Carlo also worked in Woomera, building the airport and 200 workers' huts, which later became the Woomera Detention Centre.

He also won a contract to build more than 1000 Housing Trust homes in South Australia's regional cities and always enjoyed the travel associated with this work.

Eventually this work began to slow down, and Carlo decided that if he wanted to stay busy, he would have to engage himself in other activities - he chose the car business.

In 1971, Carlo decided to venture into a Chrysler car dealership, buying Eric Mortlock's business located on Tassie Street, and C. D. Motors was created.

Carlo found selling cars very challenging, and could say with pride that, as a cadet, he sold his first car to Mrs Baluch.

C. D. Motors then moved to its current location on Caroona Road and Carlo also bought the crash repair shop across the road although it was sold four years later.

As well as the car business, Carlo continued building and his work had become so well known that he didn't need to advertise.

Carlo doubted that his car business would have survived if he didn't have the two businesses to support one another.

But survive it did, and Carlo expanded the car business, with C. D. Nissan built on Eyre Highway.

Carlo always liked fast cars and in 1970 he took part in the Ampol 21,000km car race, with 100 other competitors.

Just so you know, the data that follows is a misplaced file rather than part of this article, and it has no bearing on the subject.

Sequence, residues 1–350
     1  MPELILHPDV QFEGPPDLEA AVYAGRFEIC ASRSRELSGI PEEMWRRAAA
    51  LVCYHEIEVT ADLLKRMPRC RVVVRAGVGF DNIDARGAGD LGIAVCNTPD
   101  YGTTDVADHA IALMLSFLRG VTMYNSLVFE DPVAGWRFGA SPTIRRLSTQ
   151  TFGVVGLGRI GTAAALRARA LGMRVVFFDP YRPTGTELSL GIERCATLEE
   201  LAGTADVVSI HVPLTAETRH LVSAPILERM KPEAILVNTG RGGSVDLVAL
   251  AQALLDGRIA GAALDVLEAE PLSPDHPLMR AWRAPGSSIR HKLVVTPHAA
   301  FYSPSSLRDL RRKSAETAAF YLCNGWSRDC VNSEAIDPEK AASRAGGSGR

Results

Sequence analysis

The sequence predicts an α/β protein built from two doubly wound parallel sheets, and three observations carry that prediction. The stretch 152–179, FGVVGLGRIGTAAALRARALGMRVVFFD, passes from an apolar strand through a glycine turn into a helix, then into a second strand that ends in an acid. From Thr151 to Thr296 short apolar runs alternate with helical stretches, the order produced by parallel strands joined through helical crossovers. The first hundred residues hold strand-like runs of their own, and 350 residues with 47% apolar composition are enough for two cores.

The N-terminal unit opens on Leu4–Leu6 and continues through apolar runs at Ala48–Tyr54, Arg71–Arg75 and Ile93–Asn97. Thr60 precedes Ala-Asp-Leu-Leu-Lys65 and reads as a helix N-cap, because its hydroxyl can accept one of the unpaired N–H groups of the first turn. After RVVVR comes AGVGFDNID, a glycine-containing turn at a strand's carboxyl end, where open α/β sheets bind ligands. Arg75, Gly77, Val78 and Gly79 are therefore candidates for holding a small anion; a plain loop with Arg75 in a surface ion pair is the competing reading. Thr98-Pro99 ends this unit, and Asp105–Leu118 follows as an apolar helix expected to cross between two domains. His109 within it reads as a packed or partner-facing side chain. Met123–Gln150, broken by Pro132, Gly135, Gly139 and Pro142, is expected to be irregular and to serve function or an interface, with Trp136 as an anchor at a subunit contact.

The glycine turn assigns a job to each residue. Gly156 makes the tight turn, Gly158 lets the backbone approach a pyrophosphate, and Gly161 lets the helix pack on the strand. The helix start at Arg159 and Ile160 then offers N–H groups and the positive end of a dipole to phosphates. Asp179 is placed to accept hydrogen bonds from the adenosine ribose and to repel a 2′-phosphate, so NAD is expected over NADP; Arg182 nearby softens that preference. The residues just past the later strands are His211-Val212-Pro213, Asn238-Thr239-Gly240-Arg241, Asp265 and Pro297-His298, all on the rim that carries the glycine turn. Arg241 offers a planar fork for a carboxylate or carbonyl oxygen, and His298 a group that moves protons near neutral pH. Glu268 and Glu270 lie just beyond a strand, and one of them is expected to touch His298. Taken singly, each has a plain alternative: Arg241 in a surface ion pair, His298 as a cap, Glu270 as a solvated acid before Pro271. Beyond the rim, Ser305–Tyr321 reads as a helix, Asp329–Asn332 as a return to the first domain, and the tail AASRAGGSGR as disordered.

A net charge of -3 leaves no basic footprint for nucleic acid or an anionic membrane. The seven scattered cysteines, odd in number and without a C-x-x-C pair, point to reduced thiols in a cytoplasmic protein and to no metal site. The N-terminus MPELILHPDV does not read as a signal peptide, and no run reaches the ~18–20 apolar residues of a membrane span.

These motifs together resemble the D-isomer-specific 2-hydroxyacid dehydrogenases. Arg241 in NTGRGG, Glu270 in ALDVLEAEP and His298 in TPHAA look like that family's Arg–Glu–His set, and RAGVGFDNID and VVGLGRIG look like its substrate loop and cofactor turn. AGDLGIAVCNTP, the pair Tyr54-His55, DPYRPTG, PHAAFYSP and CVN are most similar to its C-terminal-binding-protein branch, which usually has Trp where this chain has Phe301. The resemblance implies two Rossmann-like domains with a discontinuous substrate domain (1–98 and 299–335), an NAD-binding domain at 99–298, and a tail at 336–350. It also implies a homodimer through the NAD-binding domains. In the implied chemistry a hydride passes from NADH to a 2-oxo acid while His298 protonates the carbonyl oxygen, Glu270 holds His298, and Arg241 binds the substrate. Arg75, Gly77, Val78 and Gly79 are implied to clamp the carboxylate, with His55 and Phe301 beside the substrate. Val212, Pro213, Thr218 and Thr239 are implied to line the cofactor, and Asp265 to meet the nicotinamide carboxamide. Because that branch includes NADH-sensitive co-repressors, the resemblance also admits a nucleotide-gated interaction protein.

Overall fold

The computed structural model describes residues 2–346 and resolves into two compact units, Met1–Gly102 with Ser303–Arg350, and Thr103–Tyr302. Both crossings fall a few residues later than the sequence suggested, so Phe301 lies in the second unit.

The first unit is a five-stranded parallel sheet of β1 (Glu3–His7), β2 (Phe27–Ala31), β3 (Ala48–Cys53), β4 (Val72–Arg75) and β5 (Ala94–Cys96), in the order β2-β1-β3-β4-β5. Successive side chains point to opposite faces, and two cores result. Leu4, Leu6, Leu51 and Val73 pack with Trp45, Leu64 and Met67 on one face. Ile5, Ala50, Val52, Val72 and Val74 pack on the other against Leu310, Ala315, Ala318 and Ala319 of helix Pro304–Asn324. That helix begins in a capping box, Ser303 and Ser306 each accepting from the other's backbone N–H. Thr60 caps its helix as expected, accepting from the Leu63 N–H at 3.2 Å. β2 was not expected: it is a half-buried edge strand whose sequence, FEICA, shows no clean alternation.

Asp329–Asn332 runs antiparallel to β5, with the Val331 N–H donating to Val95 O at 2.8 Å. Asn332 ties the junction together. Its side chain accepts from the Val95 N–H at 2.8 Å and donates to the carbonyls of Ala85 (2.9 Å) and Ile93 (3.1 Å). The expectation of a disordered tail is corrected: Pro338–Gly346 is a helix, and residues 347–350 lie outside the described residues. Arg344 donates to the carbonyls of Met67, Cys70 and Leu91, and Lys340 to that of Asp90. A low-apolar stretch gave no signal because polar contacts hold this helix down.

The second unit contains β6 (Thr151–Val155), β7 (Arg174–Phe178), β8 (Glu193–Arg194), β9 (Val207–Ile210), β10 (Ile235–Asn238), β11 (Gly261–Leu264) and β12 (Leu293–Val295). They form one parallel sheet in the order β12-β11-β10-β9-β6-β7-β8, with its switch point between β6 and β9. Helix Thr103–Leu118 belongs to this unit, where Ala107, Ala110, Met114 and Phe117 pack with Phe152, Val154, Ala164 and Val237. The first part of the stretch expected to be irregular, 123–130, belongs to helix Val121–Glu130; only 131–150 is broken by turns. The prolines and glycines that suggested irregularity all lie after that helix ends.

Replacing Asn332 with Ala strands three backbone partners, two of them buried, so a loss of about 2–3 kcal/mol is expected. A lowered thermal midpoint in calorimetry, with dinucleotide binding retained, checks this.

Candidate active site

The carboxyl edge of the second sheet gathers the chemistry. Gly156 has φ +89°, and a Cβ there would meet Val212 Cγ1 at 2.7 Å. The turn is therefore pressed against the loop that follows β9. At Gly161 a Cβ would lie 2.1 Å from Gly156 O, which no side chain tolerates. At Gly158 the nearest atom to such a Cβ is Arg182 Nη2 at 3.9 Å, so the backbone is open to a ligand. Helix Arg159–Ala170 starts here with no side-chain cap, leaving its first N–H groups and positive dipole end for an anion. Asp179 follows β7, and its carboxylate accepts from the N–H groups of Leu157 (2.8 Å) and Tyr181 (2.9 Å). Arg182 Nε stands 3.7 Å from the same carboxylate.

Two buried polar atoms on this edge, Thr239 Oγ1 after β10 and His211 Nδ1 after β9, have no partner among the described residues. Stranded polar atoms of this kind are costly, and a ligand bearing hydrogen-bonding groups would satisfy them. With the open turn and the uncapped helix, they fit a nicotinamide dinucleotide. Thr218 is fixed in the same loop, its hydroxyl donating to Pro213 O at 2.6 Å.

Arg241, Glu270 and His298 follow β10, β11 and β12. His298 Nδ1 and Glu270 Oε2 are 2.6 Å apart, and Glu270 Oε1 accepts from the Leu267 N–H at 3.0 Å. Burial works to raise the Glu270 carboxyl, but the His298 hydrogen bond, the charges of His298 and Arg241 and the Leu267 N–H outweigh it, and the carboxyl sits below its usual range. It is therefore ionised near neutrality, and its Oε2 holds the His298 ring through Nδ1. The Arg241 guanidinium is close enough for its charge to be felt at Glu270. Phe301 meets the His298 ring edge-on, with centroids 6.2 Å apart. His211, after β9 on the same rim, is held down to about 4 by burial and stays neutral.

He raced a brand new Holden Monaro GTS and went three days with no sleep during the race, finishing in around about 16th place.

Then, in 1994, Carlo competed in the four-day Cannonball Run from Darwin to Alice Springs and back.

Carlo tried to retire once, but found he got too bored.

"I would sit down to watch TV and fall asleep," he once said.

"You lie down asleep and the TV watches you," he then joked.

Carlo made the decision to come out of retirement and go back to C. D. Motors and eventually back to building.

And although Carlo worked from dawn to dusk, he still found time to be a member of the Port Augusta Italian Club and Lions Club.

Carlo and his wife Jan raised their three daughters in Port Augusta and enjoyed spending time with their grandchildren in later years.

"Willing worker" leaves mark

Carlo Duregon's close friend Tony Kroes described him at a "willing worker who was always generous with his time."

Tony is the president of the Knights of the Southern Cross - a group of which Carlo was a member for 36 years.

Tony said that Carlo was always generous with his time and machinery for any project that the Knights were undertaking.

Carlo played a major role in converting the Commonwealth Railways laundry into a parish hall, donating his expertise, workers and materials free of charge during this time.

"Carlo was always the first one to put his hand in his pocket for any appeal," said Tony, who listed examples including the recent Boxing Day tsunami and Eyre Peninsula bushfire appeals, and the Knights' ongoing palliative care project.